As the days become fewer and fewer until my departure, I find myself constantly conflicted. I find myself torn between my excitement to return to the Big Apple and my sadness to leave my beloved Smelly Onion. While my East Coast friends continue to tell me they cannot wait for my arrival and my Midwestern friends have already booked visits to New York, I still begin to feel sentimentality for my hometown unlike ever before.
In all the years I wanted to leave, to escape to New York, my be all and end all dream location, I never spent enough time appreciating my own city. I walked by Sky Gate as if it were just another piece of metal, pranced by the giant Ferris wheel in Navy Pier as if it were a small carnival decoration, shopped on the Magnificent Mile all the while thinking it was nothing like my darling Fifth Avenue, and scorned our Art Institute for not being The Met. And while I have become immune to the treasures of my city in my eighteen years, I have suddenly regained a new appreciation, a new excitement about enjoying my surroundings, because I know my days are limited.
During the ready-for-college? Small talk with neighbors/relatives/acquaintances, I’m often reminded not to forget my roots; and I think: How could I? Because as great as New York is, as excited as I am to live there once again (if you count last summer, which I absolutely do), Manhattan is not Chicago, Manhattan is not my hometown, nor will it ever be.
I grew up taking boat tours down the Chicago River, going on school trips to the Shedd Aquarium, Lincoln Park Zoo, and the Sears Tower. I’ve watched the Cows on Parade, attended countless concerts at Ravinia, spent every Black Friday on State Street, swam in Lake Michigan, walked through the Botanic Gardens, skated in Millennium Park, laughed at Second City, the list continues endlessly. Almost all of my childhood memories take place somewhere between the North Shore and the South Loop.
Early in the school year, we had to write a compare-contrast essay for English Lit and I wrote about my split love for New York and Chicago. I explained my inaptitude at the CTA system but my skills with the MTA, I compared Millennium Park to Central Park, never reaching any conclusion as to which Great Lawn is superior, I contrasted New Yorkers to Chicagoans, realizing that my side absolutely reigns superior.
Because I will forever be a Chicagoan, regardless if I live in New York for four or forty years. I will forever hum “Go Cubs Go!”, always make time to return to my favorite places, and never stop sharing stories about the greatness of my city.
For as long as I can remember, I have wanted to move to New York. To live closer to Times Square, to be immersed in culture and art, to always wake up in the city that never sleeps. There are many elements New York has that Chicago will never possess yet there are so many things about Chicago that will never be matched: I can’t walk down the streets in New York and remember good times growing up with my old friends (MJP popcorn incident aside). And, more importantly, New York only has Z100, Chicago has both Kiss FM and B96. What will I do when there is a commercial on my favorite radio station? Listen to it?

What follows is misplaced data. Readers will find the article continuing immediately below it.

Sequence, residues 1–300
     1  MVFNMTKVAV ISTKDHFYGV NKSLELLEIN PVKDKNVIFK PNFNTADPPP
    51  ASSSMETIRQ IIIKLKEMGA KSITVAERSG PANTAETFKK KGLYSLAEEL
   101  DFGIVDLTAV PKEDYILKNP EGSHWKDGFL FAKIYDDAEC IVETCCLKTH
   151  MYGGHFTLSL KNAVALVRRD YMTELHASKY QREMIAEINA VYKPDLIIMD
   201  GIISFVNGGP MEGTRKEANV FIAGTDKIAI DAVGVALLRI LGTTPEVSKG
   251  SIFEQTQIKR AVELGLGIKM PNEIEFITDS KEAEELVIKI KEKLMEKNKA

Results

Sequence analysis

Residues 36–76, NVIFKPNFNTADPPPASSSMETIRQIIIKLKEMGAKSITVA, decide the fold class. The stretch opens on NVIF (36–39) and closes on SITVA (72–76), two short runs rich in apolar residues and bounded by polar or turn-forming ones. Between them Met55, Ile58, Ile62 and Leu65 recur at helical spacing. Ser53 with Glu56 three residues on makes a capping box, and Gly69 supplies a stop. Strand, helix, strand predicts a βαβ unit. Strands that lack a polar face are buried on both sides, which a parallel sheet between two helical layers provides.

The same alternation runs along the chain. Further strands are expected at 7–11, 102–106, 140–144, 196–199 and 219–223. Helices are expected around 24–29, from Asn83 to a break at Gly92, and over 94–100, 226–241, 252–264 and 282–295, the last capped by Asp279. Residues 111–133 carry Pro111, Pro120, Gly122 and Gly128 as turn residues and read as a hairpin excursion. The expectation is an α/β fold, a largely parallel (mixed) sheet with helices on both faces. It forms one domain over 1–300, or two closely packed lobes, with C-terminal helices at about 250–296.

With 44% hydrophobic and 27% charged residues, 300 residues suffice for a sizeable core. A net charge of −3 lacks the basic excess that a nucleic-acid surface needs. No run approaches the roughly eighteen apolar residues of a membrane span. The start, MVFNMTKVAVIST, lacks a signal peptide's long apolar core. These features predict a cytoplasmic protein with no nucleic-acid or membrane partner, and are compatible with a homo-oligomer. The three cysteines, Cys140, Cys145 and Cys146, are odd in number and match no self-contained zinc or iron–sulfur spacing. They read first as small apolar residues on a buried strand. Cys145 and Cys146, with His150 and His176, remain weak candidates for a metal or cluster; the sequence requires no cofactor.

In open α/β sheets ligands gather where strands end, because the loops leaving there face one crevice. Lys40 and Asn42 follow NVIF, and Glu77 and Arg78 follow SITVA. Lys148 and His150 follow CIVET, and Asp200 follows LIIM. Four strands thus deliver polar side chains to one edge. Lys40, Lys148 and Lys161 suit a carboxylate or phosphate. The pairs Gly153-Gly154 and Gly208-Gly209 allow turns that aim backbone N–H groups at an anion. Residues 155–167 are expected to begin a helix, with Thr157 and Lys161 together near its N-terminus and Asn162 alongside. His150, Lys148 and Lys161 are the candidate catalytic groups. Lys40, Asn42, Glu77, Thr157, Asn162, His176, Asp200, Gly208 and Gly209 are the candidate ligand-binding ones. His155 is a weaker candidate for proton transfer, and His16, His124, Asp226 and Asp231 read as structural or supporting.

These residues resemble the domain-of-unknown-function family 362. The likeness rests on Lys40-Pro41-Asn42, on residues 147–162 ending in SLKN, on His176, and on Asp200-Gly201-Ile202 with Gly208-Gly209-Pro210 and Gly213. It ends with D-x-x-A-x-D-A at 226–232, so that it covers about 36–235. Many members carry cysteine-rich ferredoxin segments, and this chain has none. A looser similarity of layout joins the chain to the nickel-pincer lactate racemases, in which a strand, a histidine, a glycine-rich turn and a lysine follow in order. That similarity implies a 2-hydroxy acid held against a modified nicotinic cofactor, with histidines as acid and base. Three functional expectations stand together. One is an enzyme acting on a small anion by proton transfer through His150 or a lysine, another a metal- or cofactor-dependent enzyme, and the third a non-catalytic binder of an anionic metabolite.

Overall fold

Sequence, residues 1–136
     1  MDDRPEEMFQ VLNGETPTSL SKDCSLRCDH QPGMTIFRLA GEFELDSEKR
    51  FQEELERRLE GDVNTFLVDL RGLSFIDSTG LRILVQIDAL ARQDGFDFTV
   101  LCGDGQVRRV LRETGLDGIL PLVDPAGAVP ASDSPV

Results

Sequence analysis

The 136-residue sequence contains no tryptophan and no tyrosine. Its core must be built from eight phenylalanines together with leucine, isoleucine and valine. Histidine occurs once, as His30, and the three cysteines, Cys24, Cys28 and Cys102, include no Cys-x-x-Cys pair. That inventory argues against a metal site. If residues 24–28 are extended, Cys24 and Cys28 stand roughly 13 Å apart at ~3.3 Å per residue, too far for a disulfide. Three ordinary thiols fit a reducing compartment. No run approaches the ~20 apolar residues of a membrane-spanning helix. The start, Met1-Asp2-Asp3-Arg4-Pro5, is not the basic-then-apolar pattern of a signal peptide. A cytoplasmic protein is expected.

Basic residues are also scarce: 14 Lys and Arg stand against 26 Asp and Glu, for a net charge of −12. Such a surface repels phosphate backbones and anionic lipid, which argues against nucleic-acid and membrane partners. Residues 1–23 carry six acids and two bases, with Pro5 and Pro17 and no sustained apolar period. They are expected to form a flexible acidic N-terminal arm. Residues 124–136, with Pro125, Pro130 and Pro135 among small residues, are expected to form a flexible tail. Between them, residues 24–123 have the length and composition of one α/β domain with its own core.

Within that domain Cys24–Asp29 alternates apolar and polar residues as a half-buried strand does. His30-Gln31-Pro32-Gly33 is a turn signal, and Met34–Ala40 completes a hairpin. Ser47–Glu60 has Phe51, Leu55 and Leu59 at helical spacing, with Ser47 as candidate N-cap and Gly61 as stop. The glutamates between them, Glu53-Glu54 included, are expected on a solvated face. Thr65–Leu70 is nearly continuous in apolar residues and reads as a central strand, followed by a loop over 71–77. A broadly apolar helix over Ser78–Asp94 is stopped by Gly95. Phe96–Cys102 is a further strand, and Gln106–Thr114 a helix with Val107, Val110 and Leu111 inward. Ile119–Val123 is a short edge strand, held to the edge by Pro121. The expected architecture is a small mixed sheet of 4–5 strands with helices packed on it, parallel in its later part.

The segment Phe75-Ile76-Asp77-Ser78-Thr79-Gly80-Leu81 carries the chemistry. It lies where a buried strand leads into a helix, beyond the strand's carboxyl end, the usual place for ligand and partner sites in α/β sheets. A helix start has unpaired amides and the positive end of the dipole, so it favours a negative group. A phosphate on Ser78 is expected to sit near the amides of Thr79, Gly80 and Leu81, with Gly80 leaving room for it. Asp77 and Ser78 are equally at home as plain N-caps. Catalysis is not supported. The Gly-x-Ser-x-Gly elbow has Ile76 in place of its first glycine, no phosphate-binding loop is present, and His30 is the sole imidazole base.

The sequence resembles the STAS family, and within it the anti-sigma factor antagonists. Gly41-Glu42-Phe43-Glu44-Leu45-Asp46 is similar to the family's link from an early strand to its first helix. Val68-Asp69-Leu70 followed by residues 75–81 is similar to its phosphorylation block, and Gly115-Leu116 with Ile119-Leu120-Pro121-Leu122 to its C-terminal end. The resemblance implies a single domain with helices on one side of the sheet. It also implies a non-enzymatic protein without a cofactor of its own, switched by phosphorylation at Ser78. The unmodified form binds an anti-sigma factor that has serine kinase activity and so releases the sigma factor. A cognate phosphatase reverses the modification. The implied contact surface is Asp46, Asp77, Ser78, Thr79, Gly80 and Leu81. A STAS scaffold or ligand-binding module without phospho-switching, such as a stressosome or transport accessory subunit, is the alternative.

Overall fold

I’ve been told time and time again that once you leave for college, returning home is like being a guest. I somewhat envy my friends staying in Chicago for school, having that comfort of home while still enveloping themselves in new experience.
While I may know Manhattan like the back of my hand, it is still not my city. My city is the Cubs, the Sox, the L, the Loop, the Lake. I will never say “pocketbook” nor do I plan to switch from “gym shoes” to “sneakers.” While my love affair with New York is always strong, I cannot let myself deny my love for Chicago. The kind of love that comes from scraped knees on pavements, thunderstorms destroying anticipated plans, hours spent waiting for the free trolley because we were too lazy to walk. I may have watched seven hours worth of historical New York documentaries on PBS yet the history I have with Chicago is undeniable. I can tell you Fredrick Law Olmsted designed Central Park, that the Brooklyn Bridge took thirteen years to build, but that does not compare to explaining the Great Chicago Fire to an outsider, showing her the remaining structures, telling her stories of yearly field trips to historical sites, living the memories and the stories.
So Chicago, as I prepare to leave you in a couple months, to officially become Issa On Broadway, I promise to love you more than ever. To take advantage of your best assets, your unique qualities, and enjoy you to my utmost ability. I will not compare you to my dream city, as you are truly it. While I may never fully reside in you again, or maybe I will, I want to thank you for the good times, for making every moment special, never letting me take you for granted, and for never disappointing me. As we prepare to part ways, I want you to know you will always be in my heart, that through photographs and memories you will never leave me, as I hope to have made a lasting impression on you.